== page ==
Up in the county of Fife, Scotland, north of Edinburgh, in the ancient town of Auchtermuchty, lies a castle that is soon due to celebrate its 500th birthday. It’s also now on the market, searching for offers over $4 million USD, via Jamie McNab and Ele Robertson at Savills.
Myres Castle, as it’s known, was built around 1530 by John Scrymgeour, who oversaw the refurbishment of both Holyrood and Falkland Palaces. Falkland, which has been pictured in “Outlander,” was a favorite spot of Mary Queen of Scots and is close to Myres. Indeed, Mary herself is said to have planted the oldest tree at Myres, a Spanish chestnut.
In the past number of years, the enormous property, with 45 acres of land and a 14,300-square-foot manor house, has been used as both a venue for weddings as well as a private family home. The castle includes five ample reception rooms, along with ten bedrooms and ten bathrooms, while the gardens comprise a maze, a kitchen garden, a pond and tennis court, a shepherd’s hut and a helipad.
Being hundreds of years old, the estate has changed hands many times over the years. John Bruce, the King’s Printer for Scotland, bought Myres and Falkland Palace in 1820; Sir Walter Scott, who visited Falkland Palace during Bruce’s time, is thought to have suggested a change of name from Myres House, as it was known then, to the more baronial Myres Castle. In 1887 Myres was sold to someone who’d worked for three popes, and the walled garden that still exists was laid out in the style of one of the Vatican gardens.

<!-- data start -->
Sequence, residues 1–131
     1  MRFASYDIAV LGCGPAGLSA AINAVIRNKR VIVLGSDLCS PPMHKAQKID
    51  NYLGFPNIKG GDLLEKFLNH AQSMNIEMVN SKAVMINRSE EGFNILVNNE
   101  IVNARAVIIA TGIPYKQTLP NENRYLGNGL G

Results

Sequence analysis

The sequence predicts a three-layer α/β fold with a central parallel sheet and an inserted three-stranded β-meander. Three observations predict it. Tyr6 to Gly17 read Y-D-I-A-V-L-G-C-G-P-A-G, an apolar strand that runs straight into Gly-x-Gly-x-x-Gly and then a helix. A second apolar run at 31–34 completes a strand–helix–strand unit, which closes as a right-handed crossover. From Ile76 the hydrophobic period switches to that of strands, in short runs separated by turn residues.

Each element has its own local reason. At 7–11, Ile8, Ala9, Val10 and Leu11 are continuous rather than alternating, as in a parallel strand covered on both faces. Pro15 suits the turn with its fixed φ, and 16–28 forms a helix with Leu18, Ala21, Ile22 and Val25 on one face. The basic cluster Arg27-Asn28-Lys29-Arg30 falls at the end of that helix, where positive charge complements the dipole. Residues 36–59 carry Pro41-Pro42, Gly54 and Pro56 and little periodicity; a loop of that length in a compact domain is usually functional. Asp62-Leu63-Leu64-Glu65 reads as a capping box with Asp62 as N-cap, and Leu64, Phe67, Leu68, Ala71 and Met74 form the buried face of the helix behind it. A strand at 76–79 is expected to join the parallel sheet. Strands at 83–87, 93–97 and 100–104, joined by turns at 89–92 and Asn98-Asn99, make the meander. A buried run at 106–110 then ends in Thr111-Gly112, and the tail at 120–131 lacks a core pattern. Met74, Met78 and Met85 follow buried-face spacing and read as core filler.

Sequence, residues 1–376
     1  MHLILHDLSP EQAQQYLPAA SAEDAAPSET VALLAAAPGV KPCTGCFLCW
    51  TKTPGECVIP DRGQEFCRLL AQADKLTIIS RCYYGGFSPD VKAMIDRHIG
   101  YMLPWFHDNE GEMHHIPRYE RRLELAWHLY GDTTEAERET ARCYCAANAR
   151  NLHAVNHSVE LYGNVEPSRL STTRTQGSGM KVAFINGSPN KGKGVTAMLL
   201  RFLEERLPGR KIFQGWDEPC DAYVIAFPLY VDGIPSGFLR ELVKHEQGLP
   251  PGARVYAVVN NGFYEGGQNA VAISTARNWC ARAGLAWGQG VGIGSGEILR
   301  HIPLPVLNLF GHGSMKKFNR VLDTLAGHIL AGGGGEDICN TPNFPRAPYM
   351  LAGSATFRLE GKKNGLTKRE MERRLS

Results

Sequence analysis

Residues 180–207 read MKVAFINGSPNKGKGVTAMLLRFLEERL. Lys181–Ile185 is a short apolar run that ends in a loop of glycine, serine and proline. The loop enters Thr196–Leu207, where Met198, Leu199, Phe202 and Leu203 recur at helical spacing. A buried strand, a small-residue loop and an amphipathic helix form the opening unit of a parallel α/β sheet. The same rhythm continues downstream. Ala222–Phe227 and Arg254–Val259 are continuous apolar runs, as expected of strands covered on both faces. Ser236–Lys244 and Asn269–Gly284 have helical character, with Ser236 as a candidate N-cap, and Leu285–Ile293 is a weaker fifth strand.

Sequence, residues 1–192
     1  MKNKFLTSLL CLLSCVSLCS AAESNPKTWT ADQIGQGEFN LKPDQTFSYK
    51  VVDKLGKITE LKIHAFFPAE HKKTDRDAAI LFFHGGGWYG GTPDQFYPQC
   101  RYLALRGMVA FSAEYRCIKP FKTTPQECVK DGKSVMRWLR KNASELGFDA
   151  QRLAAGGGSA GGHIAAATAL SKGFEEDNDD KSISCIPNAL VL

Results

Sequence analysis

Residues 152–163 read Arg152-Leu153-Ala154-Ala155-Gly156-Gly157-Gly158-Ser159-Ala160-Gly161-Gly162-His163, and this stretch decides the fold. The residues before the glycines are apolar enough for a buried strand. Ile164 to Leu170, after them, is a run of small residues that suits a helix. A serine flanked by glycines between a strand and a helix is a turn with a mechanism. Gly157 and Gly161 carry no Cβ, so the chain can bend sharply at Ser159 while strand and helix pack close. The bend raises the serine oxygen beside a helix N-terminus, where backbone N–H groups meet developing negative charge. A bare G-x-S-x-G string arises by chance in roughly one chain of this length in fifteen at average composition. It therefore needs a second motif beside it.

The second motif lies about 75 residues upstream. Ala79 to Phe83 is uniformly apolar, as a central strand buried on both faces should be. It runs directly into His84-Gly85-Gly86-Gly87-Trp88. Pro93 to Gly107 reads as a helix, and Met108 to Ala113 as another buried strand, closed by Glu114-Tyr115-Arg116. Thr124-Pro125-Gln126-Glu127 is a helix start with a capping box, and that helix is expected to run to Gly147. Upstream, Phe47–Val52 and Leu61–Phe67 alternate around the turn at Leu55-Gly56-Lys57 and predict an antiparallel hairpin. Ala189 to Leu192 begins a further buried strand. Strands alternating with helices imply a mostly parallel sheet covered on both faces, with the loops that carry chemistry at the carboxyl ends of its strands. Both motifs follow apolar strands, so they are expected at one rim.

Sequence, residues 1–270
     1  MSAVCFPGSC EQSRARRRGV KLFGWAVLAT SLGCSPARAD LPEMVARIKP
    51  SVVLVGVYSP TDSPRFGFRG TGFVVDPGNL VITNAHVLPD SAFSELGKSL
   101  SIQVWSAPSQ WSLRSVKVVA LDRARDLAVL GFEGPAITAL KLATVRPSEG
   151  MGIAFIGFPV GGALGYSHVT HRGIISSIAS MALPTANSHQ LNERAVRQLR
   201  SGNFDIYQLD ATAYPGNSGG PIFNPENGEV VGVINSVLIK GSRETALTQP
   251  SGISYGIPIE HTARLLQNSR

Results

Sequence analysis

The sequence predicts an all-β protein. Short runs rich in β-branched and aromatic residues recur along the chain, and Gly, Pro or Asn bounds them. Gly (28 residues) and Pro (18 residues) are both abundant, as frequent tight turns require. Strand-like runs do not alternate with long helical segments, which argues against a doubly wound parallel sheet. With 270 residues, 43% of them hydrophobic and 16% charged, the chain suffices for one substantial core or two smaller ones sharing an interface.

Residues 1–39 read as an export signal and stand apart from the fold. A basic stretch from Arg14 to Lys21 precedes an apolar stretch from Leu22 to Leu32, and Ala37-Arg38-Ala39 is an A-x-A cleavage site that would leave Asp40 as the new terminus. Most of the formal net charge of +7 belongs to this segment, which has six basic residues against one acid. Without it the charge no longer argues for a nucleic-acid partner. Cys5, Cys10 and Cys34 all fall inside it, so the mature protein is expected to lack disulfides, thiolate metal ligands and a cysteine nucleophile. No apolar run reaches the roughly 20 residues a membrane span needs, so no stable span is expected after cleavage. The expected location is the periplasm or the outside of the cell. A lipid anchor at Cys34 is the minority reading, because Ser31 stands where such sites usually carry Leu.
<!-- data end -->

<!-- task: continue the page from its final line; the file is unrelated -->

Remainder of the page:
More recently, in 1999, the owners refurbished the castle for a comfortable, modern lifestyle. They added en-suite bathrooms to each bedroom, rewired and re-plumbed, and installed a new fuel system. No worries about heating this huge house even in an energy crisis, as the biomass system doesn’t require fossil fuels.
It’s easy to see from the many whimsical personal touches that the current owners treasure the house as a real home, from the Elvis figurine on a mantel in the otherwise buttoned-up dining room to the eye-catching tangerine velvet sofa in the library to the bright kelly green walls of the billiards room. Arranged around a huge island, the kitchen is fully up to date, while a homey stone-floored breakfast room sports a cream-colored Aga range to keep the chill off. Of course, plenty of tartan is used in the decoration.
Outside, there are numerous outbuildings, including a semi-permanent marquee for events such as weddings and a wooden potting shed that has been adapted to use for ceremonies as well as a heated yoga studio. (P.S. The helipad makes for an OTT exit by the newlyweds.)
In addition to the castle’s two handfuls of bedrooms, additional guest and/or staff accommodations includes the courtyard cottage, with three bedrooms, a sitting room, kitchen and bathroom; the gate lodge with a bedroom, bathroom, kitchen and sitting room; and the shepherds hut with a large bedroom, kitchen, sitting room with wood-burning stove, and bathroom.
Clearly, even if new owners prefer not to use the castle as a moneymaking operation, there will be plenty of room for their extended — very extended — family.